Does Cracking Your Knuckles Lead to Arthritis?

By: Lila De Almeida and Joshua Jean

If you crack your knuckles frequently, you may have heard the accusation that popping your joints leads to arthritis. However, there is no scientific backing to this myth. The sound that comes from cracking your knuckles occurs because of nitrogen bubbles popping in the synovial fluid, according to Harvard Health. The bubbles are popped from the pressure of contorting your joints, and you can’t immediately crack them after that because the bubbles take around 20 minutes to reform, as reported by Kyle Beswick. This action is not correlated to arthritis, although it has been a debate for years.

In 2009, Donald Unger won the Ig Nobel Prize for medicine because of his research regarding the effects of cracking one’s knuckles. Steve Mirsky explains that the Ig Nobel Prize is awarded to seemingly silly “achievements that first make people laugh, then make them think.” Unger felt the need to execute this project because, during his childhood, he had been criticized for his habit by his elders. They claimed that he would develop arthritis, according to Mirsky. In order to discover if this claim was true, Unger cracked the joints of his left fingers and neglected to do so to his right fingers, every single day for 60 years. The University of Melbourne reports that Unger observed no difference in the condition of the joints in the two hands.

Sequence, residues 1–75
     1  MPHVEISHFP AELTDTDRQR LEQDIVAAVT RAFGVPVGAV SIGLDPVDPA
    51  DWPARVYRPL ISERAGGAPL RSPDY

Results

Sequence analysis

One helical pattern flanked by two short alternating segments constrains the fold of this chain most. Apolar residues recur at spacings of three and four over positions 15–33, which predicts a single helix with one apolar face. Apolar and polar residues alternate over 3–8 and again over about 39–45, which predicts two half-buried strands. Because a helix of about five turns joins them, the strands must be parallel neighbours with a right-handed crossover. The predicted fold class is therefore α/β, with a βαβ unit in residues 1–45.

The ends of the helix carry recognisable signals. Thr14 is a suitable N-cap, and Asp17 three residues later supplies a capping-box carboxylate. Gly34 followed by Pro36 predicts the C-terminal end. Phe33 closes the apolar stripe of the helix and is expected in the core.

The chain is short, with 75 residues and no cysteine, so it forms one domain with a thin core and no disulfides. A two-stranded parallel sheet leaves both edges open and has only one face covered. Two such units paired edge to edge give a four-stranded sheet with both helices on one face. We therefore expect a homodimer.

Although cracking your knuckles doesn’t lead to arthritis, it can cause injuries if overly aggressive, according to Harvard Health. The University of Melbourne states that the changing of pressure in the synovial fluid can also weaken the grip of the hands. Many avid knuckle-crackers claim that popping these joints causes relief, but because there is no scientific evidence to prove this, it is assumed that the relief is all in your head. The myth likely originated from annoyed witnesses to the repetitive habit, so regardless of the damage to yourself, you may want to stop cracking your knuckles for the sake of others.